Energy Charter Treaty

The Energy Charter Treaty (ECT) is a plurilateral investment agreement between 53 European and Central Asian countries. It was signed in 1994 and entered into force in April 1998.

About 30 countries around the world are at different stages of joining the ECT. Burundi, Eswatini (formerly Swaziland) and Mauritania are first in line, followed by Pakistan and Uganda.

The original objective of the ECT was to overcome the political and economic divisions between Eastern and Western Europe after the demise of the Soviet Union, as well as to strengthen Europe’s energy security. European countries wanted to secure the access to fossil fuel resources of the former Soviet countries by protecting foreign energy investments in these countries.

The ECT provides for an Investor State Dispute Settlement (ISDS) mechanism to resolve disputes between an investor and a member state. To this day, it is the world’s most widely used legal instrument for initiating ISDS arbitrations. It has been invoked by investors in 124 cases.

Critics argue that as with most other investment agreements, it places investors’ economic rights and interests over the social, ecological and economic interests of host states and their societies. The ECT imposes obligations on the host state but not on foreign investors. The ECT has also been condemned by environmental activists for protecting the fossil fuel industry and undermining serious climate action.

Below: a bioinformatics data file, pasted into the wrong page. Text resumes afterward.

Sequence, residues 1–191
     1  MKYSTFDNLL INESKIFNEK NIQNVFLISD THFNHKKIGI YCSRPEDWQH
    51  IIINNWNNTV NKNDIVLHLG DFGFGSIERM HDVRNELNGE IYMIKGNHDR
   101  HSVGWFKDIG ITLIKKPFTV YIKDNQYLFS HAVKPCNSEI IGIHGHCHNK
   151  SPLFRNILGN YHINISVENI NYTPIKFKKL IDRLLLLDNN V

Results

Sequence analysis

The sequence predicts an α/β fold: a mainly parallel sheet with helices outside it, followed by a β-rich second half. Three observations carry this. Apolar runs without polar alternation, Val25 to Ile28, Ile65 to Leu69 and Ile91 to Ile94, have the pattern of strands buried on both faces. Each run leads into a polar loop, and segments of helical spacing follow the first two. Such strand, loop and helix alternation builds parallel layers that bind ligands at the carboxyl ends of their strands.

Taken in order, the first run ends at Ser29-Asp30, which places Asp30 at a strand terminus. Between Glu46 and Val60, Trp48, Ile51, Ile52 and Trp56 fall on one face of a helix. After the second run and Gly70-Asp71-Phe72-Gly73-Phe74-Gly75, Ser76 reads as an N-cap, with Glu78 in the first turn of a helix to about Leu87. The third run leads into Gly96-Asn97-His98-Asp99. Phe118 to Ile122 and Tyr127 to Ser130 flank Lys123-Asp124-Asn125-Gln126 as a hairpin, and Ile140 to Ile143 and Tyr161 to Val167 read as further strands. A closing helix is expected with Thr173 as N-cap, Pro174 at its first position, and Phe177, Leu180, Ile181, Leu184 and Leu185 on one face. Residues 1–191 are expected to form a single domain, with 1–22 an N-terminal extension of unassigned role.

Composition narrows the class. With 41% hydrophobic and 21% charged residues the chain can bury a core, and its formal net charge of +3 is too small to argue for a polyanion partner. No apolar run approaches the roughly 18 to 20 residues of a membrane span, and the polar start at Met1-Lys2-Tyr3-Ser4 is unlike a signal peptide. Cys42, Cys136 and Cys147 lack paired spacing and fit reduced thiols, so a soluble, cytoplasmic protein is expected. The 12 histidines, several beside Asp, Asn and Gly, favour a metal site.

Spain has been subject to 45 arbitration disputes under the ECT after it implemented a series of energy reforms affecting the renewables sector, including a reduction in subsidies for producers. While some cases are still pending, Spain has already been ordered to pay over €800 million.

You can find out more about the Energy Charter Treaty on the ECT’s dirty secrets website.

Key cases include:

Vattenfall (Sweden) vs. Germany: In 2007 the Swedish energy corporation was granted a provisional permit to build a coal-fired power plant near the city of Hamburg. In an effort to protect the Elbe river from the waste waters dumped from the plant, environmental restrictions were added before the final approval of its construction. The investor initiated a dispute, arguing it would make the project unviable. The case was ultimately settled in 2011, with the city of Hamburg agreeing to the lowering of environmental standards.

Yukos (Isle of Man) vs. Russia: Yukos was a Russian oil and gas company. It was acquired from the Russian government during the controversial “loans for shares” auctions of the mid 1990s, whereby some of the largest state industrial assets were leased (in effect privatized) through auctions for money lent by commercial banks to the government. The auctions were rigged and lacked competition, and effectively became a form of selling for a very low price. In 2003, the Yukos CEO was arrested on charges of fraud and tax evasion and the following year Yukos’ assets were frozen or confiscated. In 2007 Yukos’ former shareholders filed a claim for over US$100 billion, seeking compensation for their expropriation. The dispute resulted in 2014 in the arbitrators awarding the majority shareholders over US$50 billion in damages. The investors have been trying to enforce the award in several countries since then.